Gordon Cheng raises this question (HT: Colin Adams) as part of a brief post on a passage from Richard Baxter’s Reformed Pastor. Cheng says, I’ve never really agreed with the evangelical emphasis on preaching, and never quite understood how evangelicals make so . . . Continue reading →
WSC student Mark Vander Pol gets it right.
WSC alumnus Shane Lems in the latest Mod Ref.
“Hey Mikey, he likes it!“
R. C. Sproul addressed the 27th graduating class at WSC. The free audio is online here.
Apparently the same things as troubled evangelical preaching in 1980.
Shane gets us started.
As a teacher in a seminary but as one who does not teach preaching classes—I’m a historian—I see and hear student preachers but I don’t get to do much about it.
Not that preachers are called to spin homely yarns but preaching is a kind of story telling. We have a narrative (the history of redemption) in which people must locate themselves and with which they need to learn to identify. Ira Glass . . . Continue reading →
One of the minor problems with living on the West Coast is that the publishers all seem to be on the East Coast and books seem to get here last. In the meantime we continue to enjoy the sunshine and Kevin’s review . . . Continue reading →
Between the first post and this one I listened to the excellent interview with David at Reformedforum.org. In the first chapter Gordon lays out his case that “Johnny Can’t Preach.” The first line of evidence is anecdotal. His experience (and that of . . . Continue reading →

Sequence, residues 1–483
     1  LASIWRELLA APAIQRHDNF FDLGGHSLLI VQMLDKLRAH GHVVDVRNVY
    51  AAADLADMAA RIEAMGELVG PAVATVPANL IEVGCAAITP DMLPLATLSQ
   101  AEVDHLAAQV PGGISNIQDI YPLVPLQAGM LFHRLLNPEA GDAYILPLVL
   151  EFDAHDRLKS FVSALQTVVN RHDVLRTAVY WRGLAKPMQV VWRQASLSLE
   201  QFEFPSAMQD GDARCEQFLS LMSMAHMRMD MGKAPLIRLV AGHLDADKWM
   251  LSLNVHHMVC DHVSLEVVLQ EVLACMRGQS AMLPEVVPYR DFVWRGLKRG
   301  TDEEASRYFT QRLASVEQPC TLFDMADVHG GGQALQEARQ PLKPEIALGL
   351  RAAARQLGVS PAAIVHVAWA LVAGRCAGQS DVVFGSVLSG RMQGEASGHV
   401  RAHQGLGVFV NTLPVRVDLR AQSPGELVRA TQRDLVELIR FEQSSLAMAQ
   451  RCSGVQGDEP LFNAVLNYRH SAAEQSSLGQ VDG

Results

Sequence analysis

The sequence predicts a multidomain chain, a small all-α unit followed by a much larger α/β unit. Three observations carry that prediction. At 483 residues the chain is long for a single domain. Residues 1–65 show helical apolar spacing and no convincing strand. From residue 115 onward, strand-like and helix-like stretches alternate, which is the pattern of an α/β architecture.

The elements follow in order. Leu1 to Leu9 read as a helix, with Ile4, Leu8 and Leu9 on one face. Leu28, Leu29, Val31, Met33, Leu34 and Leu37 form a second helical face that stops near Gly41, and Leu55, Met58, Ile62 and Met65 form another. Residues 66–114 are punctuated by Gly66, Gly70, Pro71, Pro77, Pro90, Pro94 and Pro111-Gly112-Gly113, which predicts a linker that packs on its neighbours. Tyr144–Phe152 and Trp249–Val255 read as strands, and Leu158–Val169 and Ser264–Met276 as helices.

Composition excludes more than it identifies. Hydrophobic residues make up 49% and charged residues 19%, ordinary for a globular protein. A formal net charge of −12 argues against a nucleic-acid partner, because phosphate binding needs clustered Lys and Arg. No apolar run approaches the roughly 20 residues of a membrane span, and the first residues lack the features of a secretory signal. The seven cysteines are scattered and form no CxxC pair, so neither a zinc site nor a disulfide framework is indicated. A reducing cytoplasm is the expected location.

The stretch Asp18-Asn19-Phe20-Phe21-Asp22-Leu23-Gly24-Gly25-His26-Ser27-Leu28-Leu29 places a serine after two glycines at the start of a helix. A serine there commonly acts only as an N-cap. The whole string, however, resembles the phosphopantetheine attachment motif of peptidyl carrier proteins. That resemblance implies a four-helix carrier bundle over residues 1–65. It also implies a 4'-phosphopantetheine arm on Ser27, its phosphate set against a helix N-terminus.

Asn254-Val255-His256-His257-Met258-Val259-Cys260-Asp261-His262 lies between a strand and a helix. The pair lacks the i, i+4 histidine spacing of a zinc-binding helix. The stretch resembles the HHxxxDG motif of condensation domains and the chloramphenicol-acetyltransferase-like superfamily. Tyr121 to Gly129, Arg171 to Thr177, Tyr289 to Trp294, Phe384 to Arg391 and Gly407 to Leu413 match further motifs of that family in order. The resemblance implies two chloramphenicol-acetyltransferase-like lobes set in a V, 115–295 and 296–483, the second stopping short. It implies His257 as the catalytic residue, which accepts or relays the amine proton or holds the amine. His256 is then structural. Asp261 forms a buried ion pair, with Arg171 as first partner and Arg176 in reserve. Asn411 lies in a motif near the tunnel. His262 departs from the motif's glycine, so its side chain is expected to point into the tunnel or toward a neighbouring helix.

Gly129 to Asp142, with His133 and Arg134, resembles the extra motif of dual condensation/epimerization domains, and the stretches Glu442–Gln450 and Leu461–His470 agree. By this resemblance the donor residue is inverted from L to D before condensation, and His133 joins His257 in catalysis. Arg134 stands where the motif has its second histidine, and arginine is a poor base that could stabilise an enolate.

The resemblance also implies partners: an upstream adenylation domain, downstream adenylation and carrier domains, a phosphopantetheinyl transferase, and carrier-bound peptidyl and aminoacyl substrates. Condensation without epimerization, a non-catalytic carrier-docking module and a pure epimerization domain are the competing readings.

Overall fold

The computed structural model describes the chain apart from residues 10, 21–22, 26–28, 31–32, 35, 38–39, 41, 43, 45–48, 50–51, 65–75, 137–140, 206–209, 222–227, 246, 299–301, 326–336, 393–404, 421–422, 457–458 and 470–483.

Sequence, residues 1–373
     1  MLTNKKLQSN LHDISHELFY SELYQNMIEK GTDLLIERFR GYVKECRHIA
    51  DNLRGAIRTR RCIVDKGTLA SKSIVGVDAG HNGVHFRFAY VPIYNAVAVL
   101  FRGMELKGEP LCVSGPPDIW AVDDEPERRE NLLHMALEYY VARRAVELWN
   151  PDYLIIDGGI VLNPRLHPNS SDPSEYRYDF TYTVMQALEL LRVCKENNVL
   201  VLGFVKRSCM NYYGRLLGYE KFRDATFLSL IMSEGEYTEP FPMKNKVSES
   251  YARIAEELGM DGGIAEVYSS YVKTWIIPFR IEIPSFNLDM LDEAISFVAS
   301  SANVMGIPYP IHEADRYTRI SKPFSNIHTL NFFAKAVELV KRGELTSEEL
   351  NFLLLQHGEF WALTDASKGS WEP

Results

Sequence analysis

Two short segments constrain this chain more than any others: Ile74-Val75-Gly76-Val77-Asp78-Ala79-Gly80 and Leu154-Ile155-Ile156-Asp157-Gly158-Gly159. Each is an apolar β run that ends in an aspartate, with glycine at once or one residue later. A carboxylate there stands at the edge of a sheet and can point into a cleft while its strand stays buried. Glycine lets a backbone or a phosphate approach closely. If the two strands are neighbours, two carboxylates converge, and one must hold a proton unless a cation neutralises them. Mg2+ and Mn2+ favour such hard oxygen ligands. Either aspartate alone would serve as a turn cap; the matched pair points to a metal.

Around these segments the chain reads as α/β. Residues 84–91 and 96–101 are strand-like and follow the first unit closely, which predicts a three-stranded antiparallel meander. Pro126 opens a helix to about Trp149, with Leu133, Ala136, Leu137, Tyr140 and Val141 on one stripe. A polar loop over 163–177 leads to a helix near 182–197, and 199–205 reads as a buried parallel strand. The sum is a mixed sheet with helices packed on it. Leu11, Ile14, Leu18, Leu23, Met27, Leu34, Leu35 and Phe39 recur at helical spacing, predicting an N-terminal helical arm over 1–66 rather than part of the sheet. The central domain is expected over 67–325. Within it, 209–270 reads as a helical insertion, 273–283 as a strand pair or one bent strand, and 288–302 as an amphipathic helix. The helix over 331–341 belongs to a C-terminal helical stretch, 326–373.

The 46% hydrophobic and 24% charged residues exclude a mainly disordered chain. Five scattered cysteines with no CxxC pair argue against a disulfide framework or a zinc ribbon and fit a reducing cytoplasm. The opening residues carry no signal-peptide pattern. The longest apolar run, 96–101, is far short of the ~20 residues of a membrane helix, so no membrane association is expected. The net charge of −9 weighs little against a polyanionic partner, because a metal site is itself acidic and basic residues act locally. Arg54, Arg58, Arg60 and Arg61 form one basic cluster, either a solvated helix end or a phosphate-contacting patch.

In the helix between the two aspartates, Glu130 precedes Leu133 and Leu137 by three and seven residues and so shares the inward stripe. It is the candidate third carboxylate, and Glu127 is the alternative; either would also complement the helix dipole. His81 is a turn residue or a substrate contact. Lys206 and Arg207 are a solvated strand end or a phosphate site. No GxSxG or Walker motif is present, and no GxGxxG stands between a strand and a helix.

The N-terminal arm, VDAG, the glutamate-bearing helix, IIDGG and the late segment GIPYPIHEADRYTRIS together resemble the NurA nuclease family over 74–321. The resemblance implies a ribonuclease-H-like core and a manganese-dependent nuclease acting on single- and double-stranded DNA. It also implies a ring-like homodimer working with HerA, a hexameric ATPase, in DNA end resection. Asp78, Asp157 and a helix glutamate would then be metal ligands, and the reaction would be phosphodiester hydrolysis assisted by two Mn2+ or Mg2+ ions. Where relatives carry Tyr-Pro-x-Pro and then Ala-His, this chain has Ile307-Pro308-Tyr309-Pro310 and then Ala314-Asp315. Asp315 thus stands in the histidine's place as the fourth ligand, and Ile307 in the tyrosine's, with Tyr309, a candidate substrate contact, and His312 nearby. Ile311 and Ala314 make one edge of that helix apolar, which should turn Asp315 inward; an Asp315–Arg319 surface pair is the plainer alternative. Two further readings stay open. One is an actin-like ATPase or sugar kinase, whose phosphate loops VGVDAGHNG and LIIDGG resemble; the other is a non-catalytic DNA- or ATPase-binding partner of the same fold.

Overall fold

Part 2. The next section of the book is an analysis of one aspect of the problem: Johnny doesn’t read well. This problem has been diagnosed for many years. I see it frequently. The rise of electronic texts, which is valuable in . . . Continue reading →
Part 3. Another reason Johnny can’t preach is because Johnny can’t write. To make this point Gordon begins with an important survey of the way technological changes have affected communication. We take printed texts for granted. We blithely tell people to “read . . . Continue reading →
Part 4 So far Gordon has focused on the form of preaching. In chapter 4 he turns to questions of content. He says, “…in addition to the cultural matters that have concerned me throughout, I also believe that preaching today almost entirely . . . Continue reading →
Part 5 The situation is not hopeless. In the history of the church, those times when she has prospered are those times when, in the midst of a low point, she has engaged in reflection and self-criticism (95). What is needed here . . . Continue reading →
I took the Sprinter to the second service yesterday and walked a good bit from the station to the service. Along the way I enjoyed two interviews on CTC. The first was a stimulating discussion of textual criticism with Dan Wallace (well, . . . Continue reading →
Sinclair is speaking now, with his customary wit, charm, and insight on the danger of losing heart in pastoral ministry, on the difference between Paul’s conception of the spiritual realities of the ministry and the way ministry is often conceived today. Lord . . . Continue reading →
Brian Cochran has a helpful post on this. Thanks to Kim for the term “Golawspel.” There’s a lot of that going around these days.